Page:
Thunberg vs Trump
With the theme “Stakeholders for a Cohesive and Sustainable World,” billionaires, world leaders and other movers and shakers gathered last week at the ski resort town of Davos, Switzerland, for the 50th World Economic Forum (WEF). The annual meeting has been described as the place where billionaires tell millionaires how the middle classes should live their lives. It is remarkable that WEF’s organizers chose to focus this year’s discussions on cohesion and sustainability, even as its participants tend to be seen as the very impediments to the chosen themes. They even invited Greta Thunberg, the now-famous Swedish youngster who has gained worldwide prominence for scolding world leaders in various forums for lack of meaningful action on climate change.
But days after Thunberg delivered her now familiar strident message in Davos, US President Donald Trump indirectly rebuked her as he lashed out at “prophets of doom” and “alarmists” out to “dominate, transform, and control every aspect of our lives.” His statement virtually reaffirms what his predecessor George W. Bush once said in rejecting the Kyoto Protocol on climate change: “The American way of life is non-negotiable.”
The problem is that this so-called American way of life is widely seen, in and out of America, as highly unsustainable and harmful to the planet. There is simply no way that the earth can sustain the American consumerist lifestyle that is fast spreading around the globe as economies and incomes grow and people worldwide emulate their energy-gobbling and waste-ballooning practices. Increasingly unsustainable lifestyles have become part of developing economies’ transition to higher income status, with energy consumption growing way faster than overall economic growth—and climate change is one of its undesired results.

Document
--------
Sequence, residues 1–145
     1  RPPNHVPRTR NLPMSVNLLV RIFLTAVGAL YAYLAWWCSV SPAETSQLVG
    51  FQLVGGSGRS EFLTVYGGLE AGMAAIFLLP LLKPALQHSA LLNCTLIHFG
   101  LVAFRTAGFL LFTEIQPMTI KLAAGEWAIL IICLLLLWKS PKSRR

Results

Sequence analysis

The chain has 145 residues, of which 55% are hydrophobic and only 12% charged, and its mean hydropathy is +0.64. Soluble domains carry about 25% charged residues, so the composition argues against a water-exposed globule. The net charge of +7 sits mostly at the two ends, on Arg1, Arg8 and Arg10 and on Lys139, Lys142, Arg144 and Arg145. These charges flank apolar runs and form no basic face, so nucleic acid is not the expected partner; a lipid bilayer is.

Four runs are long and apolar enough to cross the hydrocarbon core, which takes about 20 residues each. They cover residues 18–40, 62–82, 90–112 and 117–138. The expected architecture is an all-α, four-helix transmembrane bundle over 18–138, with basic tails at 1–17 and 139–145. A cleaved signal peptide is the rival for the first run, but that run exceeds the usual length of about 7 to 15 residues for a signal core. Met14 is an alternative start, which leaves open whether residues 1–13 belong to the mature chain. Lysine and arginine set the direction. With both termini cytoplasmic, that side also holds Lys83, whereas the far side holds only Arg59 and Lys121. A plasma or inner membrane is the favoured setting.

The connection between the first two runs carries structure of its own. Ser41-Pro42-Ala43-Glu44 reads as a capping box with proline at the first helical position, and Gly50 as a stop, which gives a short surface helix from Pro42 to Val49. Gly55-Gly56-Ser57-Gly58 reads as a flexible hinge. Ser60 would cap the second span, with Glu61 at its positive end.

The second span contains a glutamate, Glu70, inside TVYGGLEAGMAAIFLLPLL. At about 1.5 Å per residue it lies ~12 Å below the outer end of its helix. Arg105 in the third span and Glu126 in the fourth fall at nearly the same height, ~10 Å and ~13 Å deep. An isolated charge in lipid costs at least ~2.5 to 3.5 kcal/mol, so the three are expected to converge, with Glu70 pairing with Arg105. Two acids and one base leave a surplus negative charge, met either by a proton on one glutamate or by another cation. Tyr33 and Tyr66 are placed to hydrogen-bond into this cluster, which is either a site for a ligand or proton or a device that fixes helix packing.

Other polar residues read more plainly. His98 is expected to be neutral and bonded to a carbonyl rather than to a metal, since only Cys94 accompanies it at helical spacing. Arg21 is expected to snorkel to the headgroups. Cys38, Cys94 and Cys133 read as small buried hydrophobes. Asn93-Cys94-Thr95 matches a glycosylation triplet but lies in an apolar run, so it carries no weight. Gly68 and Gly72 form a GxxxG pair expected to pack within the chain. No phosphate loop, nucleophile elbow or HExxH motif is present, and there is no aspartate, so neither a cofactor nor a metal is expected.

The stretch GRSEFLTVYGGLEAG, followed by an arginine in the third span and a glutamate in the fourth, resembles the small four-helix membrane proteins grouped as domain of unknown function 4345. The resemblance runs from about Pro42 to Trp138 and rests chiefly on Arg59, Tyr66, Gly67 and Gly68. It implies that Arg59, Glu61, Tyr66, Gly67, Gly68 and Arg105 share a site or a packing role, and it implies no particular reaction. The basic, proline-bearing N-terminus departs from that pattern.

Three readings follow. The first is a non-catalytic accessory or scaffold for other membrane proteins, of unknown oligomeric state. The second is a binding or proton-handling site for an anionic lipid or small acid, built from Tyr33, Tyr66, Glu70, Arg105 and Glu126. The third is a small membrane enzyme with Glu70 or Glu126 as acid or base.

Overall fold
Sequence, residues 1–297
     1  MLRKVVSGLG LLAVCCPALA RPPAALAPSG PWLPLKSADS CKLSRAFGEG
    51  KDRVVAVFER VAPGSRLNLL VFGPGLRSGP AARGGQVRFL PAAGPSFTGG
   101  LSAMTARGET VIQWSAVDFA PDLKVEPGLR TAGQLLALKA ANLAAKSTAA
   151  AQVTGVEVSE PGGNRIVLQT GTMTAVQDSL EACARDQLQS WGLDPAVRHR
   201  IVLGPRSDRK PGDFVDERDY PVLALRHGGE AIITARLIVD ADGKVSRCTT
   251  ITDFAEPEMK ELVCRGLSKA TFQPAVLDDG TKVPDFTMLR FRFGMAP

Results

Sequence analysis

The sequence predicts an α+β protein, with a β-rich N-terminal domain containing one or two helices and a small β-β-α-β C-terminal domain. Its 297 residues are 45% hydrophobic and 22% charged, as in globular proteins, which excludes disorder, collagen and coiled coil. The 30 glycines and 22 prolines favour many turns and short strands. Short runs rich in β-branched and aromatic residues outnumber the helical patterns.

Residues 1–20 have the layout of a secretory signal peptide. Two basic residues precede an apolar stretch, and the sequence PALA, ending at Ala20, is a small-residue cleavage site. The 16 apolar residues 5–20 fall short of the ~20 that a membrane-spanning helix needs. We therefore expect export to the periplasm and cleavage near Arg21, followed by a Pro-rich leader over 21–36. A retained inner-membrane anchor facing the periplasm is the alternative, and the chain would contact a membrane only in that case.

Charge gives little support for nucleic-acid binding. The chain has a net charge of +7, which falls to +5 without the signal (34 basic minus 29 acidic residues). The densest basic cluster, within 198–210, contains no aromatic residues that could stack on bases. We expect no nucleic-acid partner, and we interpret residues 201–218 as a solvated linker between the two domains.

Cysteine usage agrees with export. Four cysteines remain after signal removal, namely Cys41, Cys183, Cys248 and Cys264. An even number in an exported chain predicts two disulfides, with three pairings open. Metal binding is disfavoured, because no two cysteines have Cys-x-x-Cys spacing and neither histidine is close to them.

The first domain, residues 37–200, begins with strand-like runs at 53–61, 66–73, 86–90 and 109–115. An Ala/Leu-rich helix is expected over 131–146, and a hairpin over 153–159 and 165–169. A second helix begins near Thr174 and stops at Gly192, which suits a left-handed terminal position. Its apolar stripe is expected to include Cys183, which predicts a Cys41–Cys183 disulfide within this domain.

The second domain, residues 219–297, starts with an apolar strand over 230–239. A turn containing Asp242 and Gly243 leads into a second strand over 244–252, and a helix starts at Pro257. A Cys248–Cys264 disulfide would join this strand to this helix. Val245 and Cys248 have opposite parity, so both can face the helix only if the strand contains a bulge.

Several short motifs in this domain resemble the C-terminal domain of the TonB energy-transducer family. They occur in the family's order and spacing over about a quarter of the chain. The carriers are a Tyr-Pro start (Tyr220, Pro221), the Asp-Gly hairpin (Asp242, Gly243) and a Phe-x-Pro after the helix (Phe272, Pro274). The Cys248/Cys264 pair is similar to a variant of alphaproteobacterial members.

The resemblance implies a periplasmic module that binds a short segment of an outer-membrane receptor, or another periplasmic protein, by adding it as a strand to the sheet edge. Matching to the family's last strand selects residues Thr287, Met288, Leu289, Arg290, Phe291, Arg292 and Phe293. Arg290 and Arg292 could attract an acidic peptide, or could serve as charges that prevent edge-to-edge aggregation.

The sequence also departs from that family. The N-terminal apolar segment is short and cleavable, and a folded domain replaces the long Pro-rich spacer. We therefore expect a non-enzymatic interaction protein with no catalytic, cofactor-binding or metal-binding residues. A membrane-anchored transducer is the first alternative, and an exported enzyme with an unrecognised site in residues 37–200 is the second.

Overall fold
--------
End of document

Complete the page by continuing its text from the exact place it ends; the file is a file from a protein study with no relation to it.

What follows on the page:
As the WEF highlighted the topic this year, three premises on climate change are widely accepted and well-established by science: One, climate change is happening and is a global problem. Two, global warming is causing climate change. Three, global warming is resulting from continued emission into the atmosphere of “greenhouse gases” (GHG) arising from human economic activities, including carbon dioxide (CO2), methane and nitrous oxide.
CO2 and other GHG emissions come primarily from the burning of fossil fuels such as petroleum and coal in power generation, industrial processes, and operation of motor vehicles. Atmospheric CO2 also rises with large-scale destruction of forests, inasmuch as plants use up CO2 and emit oxygen. Agricultural processes, such as burning of rice stalks, also emit methane and nitrous oxide, which are likewise emitted from the natural degradation of various wastes. All these come from escalating economic production, especially with the accompanying rise in energy consumption.
This is why the United States is so prominent in the climate change debates. And yet it is also the biggest recalcitrant in the climate change fight, with Trump seemingly even refusing to believe in climate change at all. The world is also watching Asia, home of many rapidly growing economies, and emerging to be the focal point of the global economy in the 21st century. With such economic growth comes rapidly increasing energy consumption, and the Philippines is no exception. Our sales of motor vehicles and electrical applian-
ces, and residential electric power consumption have been growing in the double digits since the 1990s. All this happened while our economic growth ranged within 4-7 percent.It is estimated that we would need nine earths to sustain the world’s rapidly growing energy appetite at its current pace. It is clear that business as usual simply won’t do, and there is a need for a significant change in lifestyles, whether in the large affluent economies or in emerging economies like ours. As for Trump and Thunberg, Time magazine chose the latter as its 2019 Person of the Year, while Trump expressed apparent jealousy in Davos for this. Unfortunately for him, Time and more of the world’s people appear to see Thunberg to be more worthy of serious attention.
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